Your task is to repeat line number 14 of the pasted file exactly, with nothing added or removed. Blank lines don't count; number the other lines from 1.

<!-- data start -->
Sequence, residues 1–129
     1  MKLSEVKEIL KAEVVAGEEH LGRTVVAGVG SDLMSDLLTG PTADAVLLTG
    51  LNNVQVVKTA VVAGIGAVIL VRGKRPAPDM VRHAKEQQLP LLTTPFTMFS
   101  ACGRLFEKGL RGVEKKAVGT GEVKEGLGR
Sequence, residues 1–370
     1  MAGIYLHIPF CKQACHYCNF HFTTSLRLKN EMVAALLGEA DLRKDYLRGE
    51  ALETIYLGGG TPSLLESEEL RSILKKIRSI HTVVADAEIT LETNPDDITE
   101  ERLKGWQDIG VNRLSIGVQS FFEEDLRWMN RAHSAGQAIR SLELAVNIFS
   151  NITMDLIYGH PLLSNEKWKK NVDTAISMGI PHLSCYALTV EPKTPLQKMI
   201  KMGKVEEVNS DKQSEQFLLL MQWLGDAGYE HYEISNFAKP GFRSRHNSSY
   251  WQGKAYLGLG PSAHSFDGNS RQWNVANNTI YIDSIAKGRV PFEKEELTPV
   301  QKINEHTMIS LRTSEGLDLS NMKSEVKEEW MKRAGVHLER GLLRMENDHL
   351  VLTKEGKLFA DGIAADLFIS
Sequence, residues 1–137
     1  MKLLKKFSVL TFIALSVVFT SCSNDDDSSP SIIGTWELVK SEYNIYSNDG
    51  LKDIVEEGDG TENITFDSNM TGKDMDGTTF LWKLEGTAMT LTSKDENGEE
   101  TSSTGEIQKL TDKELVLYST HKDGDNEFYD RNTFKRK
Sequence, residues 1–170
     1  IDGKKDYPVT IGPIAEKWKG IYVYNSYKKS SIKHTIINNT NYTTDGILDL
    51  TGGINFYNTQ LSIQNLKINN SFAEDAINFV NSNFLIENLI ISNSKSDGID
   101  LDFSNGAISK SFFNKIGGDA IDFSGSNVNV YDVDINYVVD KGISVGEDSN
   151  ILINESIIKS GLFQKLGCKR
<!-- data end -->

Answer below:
Sequence, residues 1–137